Students in Ryan Shirey’s WRI 111 course dove into textual corpora derived from digitized campus publications of Wake Forest University in order to articulate research questions about the campus community’s discourse over time. Chelcie Rowell worked with Ryan Shirey to identify an appropriate text analysis tool to use in the course (Voyant), design the assignment, and co-teach use of Voyant. Chelcie also assembled textual corpora for students’ use from plain-text OCR (optical character recognition) output of digitized campus publications, including bulletins, commencement programs, student newspapers, and yearbooks. After creating individual autoethnographies about their participation in contemporary campus discourses, students formed groups and articulated a set of research questions about another time period at Wake Forest. As each group dove into a particular textual corpus to explore how to answer the research questions initially formed in individual authethnographies, they had to continually refine and rework those questions in light of the research process. The final outcome of the assignment was an oral presentation that outlined a research proposal using the methods of large-scale text analysis.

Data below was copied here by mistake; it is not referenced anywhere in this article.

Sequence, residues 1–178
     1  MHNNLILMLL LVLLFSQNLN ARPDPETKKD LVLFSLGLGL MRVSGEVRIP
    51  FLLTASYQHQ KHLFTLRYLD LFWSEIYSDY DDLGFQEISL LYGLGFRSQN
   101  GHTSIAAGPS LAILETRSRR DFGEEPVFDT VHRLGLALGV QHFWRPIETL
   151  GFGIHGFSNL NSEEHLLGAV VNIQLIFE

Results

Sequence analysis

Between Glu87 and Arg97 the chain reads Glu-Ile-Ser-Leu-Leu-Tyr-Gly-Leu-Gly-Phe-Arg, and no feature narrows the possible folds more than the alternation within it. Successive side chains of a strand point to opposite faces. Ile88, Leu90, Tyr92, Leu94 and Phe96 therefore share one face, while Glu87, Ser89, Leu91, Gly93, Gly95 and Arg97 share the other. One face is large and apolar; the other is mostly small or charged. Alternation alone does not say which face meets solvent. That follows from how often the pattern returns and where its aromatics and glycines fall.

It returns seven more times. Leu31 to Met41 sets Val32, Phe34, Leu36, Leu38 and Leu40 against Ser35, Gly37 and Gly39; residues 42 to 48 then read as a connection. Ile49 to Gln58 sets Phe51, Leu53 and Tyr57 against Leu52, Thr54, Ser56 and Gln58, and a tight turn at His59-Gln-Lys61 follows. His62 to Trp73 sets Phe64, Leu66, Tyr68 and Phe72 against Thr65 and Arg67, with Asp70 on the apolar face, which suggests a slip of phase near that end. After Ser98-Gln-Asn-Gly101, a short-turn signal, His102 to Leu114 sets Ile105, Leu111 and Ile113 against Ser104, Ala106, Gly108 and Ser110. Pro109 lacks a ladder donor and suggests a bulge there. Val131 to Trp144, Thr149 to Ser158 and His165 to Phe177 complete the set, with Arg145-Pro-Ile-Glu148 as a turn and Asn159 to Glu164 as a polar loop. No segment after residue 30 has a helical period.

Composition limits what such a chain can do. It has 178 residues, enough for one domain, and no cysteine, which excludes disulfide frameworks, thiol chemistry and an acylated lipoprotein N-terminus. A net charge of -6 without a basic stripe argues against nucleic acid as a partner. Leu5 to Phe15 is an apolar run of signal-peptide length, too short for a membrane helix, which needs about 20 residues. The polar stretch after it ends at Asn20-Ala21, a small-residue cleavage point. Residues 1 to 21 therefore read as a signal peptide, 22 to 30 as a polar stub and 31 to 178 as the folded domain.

What will you build?
A digital map? A web exhibit? A course blog anthologized at the end of the semester? A collaboratively annotated critical edition of primary sources? Paintings or art prints digitized to support deep zoom? Or something else?